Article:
Diabetes – Oral Hygiene

As you may have read in many a health blog, people with diabetes have to take special care of their teeth and gums.

When you have diabetes you are at greater risk of cavities, gum disease and other tooth infections. Not only that, but such infections can cause blood sugar to rise, and it becomes a vicious cycle.

Here are some common problems that people with diabetes are prone to.

Diabetes – Plaque

Plaque is, of course, an issue for a lot of folks, not just people with diabetes. Plaque is caused by starch and sugar, and most of have more of those than what’s good for us! So diabetics are extremely prone to plaque.

Dry mouth

Some mornings, as a diabetic would tell you, your mouth becomes so dry you can hardly speak—a person with diabetes definitely knows how that feels. But it’s more than just problematic; it’ is dangerous to the health of our mouths. Saliva, gets rid of most of the bacteria that causes cavities and gum disease. When your mouth becomes dry, there is not enough saliva to carry out this process, So what happens here is that you become buy lexapro cheap more prone to gum diseases and cavities. Due to the lack of saliva the soft tissue in the mouth becomes inflamed making eating and drinking a very unpleasant experience.

For people with diabetes and dry mouth a dentist would definitely recommend artificial saliva substitutes, you can usually encourage your own saliva to flow by chewing on a sugar-free candy. Drinking a good amount of water regularly would definitely help.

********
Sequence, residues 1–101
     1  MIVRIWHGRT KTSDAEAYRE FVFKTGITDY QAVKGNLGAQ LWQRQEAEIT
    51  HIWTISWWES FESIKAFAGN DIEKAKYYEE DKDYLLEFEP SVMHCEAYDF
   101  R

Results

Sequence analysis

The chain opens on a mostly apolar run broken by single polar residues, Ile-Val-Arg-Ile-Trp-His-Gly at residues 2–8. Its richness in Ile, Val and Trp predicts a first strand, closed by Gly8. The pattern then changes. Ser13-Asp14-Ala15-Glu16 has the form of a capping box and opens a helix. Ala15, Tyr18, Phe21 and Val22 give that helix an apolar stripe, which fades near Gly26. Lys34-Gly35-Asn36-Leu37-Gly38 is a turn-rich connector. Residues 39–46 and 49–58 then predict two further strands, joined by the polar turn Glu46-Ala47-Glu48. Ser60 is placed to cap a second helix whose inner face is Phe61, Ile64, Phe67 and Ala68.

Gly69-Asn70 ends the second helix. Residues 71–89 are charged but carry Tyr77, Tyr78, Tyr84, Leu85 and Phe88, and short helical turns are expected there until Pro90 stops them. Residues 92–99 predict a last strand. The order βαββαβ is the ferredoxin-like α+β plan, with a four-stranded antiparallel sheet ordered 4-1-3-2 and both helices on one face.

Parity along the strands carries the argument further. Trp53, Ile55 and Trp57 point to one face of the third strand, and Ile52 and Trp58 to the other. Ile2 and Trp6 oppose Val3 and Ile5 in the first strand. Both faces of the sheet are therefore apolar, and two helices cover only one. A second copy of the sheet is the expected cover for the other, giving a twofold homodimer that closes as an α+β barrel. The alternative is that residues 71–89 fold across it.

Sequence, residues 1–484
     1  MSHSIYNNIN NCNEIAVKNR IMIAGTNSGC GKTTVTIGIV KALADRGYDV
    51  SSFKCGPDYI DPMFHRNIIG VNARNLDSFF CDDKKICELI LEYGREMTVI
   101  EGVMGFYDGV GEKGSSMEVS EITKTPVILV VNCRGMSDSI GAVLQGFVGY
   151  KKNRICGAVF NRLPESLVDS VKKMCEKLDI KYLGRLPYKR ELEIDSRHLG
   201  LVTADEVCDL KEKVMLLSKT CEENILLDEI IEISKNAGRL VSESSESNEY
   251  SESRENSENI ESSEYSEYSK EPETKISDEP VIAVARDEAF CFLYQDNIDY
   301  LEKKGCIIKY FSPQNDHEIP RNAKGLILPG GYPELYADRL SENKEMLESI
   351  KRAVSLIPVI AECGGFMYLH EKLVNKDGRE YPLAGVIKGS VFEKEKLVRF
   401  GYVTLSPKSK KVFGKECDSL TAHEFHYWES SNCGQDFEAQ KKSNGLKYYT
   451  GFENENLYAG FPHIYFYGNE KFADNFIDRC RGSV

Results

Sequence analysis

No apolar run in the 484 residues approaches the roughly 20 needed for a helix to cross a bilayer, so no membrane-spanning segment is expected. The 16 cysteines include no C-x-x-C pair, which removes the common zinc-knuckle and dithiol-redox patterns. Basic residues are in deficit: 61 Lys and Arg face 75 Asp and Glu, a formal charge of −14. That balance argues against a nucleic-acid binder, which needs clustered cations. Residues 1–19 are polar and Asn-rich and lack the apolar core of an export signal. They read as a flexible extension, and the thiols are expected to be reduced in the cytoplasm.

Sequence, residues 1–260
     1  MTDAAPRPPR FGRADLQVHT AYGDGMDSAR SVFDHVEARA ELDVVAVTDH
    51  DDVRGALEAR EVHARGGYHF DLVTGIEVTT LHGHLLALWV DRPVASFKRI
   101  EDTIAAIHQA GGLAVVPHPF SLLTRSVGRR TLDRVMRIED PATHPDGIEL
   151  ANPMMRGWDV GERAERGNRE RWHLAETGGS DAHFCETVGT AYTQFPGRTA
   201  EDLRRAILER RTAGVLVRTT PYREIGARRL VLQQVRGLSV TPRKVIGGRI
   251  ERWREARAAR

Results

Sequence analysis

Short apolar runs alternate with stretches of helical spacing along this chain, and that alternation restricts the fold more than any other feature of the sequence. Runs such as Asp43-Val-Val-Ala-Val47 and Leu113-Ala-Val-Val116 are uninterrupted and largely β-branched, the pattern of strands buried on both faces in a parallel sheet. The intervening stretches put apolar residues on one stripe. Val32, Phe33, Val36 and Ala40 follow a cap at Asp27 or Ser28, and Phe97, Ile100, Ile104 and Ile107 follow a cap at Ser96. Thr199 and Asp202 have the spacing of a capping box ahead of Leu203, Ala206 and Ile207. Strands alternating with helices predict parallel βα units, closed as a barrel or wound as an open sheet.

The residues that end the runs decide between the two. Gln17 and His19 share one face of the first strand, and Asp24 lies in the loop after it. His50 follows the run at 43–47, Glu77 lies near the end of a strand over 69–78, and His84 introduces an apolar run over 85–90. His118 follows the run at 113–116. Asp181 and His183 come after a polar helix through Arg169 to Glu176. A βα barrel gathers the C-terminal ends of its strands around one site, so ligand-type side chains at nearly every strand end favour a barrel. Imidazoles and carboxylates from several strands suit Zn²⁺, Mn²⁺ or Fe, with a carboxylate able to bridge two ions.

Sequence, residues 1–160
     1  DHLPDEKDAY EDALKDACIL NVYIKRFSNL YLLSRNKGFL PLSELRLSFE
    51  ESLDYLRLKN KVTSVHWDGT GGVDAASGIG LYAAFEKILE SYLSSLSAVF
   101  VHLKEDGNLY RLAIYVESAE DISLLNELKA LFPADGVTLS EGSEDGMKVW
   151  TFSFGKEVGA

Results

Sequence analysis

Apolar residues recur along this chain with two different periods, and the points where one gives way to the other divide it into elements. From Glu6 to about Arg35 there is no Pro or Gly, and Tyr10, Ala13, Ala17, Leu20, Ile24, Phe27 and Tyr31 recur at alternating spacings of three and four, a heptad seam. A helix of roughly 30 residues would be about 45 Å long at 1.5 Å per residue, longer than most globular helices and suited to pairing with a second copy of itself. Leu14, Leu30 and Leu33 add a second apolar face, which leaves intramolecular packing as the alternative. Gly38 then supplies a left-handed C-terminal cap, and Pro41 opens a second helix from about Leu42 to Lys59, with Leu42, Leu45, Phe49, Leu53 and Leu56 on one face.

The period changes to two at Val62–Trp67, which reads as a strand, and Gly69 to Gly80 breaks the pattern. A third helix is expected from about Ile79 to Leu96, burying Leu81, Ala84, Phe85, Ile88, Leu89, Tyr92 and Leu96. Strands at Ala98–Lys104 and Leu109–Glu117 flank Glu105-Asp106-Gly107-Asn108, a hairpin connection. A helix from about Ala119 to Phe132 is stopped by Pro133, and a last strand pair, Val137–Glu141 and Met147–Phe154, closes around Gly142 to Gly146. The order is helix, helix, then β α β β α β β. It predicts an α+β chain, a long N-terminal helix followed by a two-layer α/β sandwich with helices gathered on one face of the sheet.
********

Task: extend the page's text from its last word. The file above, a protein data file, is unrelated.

Diabetes – Fungal infections

Not only does a person with diabetes have less saliva than what is required, but the saliva is high in sugar content, so it is twice the trouble for a diabetic. This can cause a fungal infection called candiasis, generally known as thrush. It creates sore red or white spots in the mouth. Medicines can help in these cases.

As a diabetic, you cannot and must not neglect oral hygiene. Look after your teeth; make sure that you brush your teeth and floss at least twice a day. Examine your gums for signs of problems—and always visit your dentist at least twice a year when you suffer from diabetes.

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